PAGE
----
The station lies in the plain across which the railway meanders like a stream. Both bridges across the Arga are commanded, as is the railway station, by the guns of the city. Every approach is covered by artillery.
The sun was rising as the Sarrions’ carriage slowly climbed the incline and clanked across the double drawbridges into the city. In the Plaza de la Constitucion, the centre of the town, troops of hopeful dogs followed each other from dust heap to dust heap, but seemed to find little of succulence, whilst what they did find appeared to bring on a sudden and violent indisposition. Perro gazed at them sadly from the carriage window remembering perhaps his own dust heap days.
The Sarrions had no house in Pampeluna. Unlike the majority of the Navarrese nobles they lived in their country house which was only twenty miles away. They made use of the hotel in the corner of the Plaza de la Constitucion when business or war happened to call them to Pampeluna.
They went there now and took their morning coffee.
“Two months,” said Sarrion, warming himself at the stove in their simply furnished sitting-room. “Two months, they have given that scoundrel Pacheco to make his preparations.”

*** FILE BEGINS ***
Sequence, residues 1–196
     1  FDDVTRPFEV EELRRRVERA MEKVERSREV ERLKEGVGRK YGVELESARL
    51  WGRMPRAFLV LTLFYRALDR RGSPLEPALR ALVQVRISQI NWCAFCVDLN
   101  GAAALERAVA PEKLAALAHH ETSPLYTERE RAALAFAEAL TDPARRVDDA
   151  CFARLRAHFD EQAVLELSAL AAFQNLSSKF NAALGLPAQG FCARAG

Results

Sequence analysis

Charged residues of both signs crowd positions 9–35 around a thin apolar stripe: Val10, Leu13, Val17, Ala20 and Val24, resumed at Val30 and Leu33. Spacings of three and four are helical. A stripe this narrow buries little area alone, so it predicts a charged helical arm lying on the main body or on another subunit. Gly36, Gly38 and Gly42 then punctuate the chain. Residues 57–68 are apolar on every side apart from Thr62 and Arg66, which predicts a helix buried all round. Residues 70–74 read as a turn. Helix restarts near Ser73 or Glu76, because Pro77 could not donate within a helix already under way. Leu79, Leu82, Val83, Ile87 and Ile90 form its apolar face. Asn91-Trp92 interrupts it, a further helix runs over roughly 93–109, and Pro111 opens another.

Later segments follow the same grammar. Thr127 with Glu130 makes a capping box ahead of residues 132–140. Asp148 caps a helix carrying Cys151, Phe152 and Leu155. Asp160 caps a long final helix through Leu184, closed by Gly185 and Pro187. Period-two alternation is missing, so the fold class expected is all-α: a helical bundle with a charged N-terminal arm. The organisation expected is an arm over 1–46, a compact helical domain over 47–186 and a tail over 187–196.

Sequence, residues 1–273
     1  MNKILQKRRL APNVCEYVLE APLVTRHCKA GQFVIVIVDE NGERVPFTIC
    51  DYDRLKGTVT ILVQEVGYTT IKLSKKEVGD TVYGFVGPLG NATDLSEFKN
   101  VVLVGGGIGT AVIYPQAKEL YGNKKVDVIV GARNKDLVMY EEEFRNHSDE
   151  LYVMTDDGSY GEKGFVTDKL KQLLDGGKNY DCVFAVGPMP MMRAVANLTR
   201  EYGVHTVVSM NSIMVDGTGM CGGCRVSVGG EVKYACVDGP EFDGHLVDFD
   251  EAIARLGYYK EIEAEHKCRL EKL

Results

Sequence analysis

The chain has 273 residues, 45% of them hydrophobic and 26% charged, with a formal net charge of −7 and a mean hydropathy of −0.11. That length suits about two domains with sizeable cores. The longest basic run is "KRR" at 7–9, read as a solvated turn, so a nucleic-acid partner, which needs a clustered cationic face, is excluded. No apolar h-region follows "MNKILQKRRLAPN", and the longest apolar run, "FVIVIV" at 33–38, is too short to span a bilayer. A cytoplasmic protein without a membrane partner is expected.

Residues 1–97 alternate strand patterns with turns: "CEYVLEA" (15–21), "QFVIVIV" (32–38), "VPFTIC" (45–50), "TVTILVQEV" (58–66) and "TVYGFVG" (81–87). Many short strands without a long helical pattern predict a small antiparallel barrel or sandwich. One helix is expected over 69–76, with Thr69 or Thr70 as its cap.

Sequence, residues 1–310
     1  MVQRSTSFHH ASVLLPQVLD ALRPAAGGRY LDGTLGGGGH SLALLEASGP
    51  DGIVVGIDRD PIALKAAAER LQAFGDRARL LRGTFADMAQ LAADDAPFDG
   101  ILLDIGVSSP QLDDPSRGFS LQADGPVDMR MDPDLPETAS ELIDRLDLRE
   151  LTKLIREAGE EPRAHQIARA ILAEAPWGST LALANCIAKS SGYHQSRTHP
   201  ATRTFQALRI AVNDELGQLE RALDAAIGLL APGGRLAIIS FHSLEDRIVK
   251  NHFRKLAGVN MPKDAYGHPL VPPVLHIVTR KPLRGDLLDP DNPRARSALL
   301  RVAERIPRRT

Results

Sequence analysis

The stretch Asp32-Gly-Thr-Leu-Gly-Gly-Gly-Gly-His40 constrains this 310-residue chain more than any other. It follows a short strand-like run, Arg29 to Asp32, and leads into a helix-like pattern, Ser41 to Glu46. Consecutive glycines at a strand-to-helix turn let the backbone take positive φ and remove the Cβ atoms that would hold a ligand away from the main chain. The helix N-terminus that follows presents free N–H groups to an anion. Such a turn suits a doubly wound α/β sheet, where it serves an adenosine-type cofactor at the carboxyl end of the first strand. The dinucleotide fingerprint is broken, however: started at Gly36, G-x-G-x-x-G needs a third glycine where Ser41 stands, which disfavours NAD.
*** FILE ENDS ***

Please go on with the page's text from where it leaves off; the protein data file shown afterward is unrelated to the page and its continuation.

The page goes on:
“So that Juanita must make her choice at once.”
“They go to vespers in the Cathedral,” said Marcos. “It is dusk by that time. They cross the Calle de la Dormitaleria and go through the two patios into the cloisters and enter the Cathedral by the cloister door. If Juanita could forget something and go back for it, I could see her for a few minutes in the cloisters which are always deserted in winter.”
“Yes,” said Sarrion, “but how?”
“Sor Teresa must do it,” said Marcos. “You must see her. They cannot prevent you from seeing your own sister.”
“But will she do it?”
“Yes,” answered Marcos without any hesitation at all.
“I shall try to see Juanita also,” said Sarrion, throwing his cloak round his shoulders twice so that its bright lining was seen at the back, hanging from the left shoulder. “You stay here.”
He went out into the cold air. Pampeluna lies fourteen hundred feet above the sea-level, and is subject to great falls of snow in its brief winter season.
Sarrion walked to the Calle de la Dormitaleria, a little street running parallel with the city walls, eastward from the Cathedral gates. There he learnt that Sor Teresa was out. The lay-sister feared that he could not see Juanita de Mogente. She was in class: it was against the rules. Sarrion insisted. The lay-sister went to make inquiries. It was not in her province. But she knew the rules. She did not return and in her place came Father Muro, the spiritual adviser of the school; Juanita’s own confessor. He was a stout man whose face would have been pleasant had it followed the lines that Nature had laid down. But there was something amiss with Father Muro—the usual lack of naturalness in those who lead a life that is against Nature.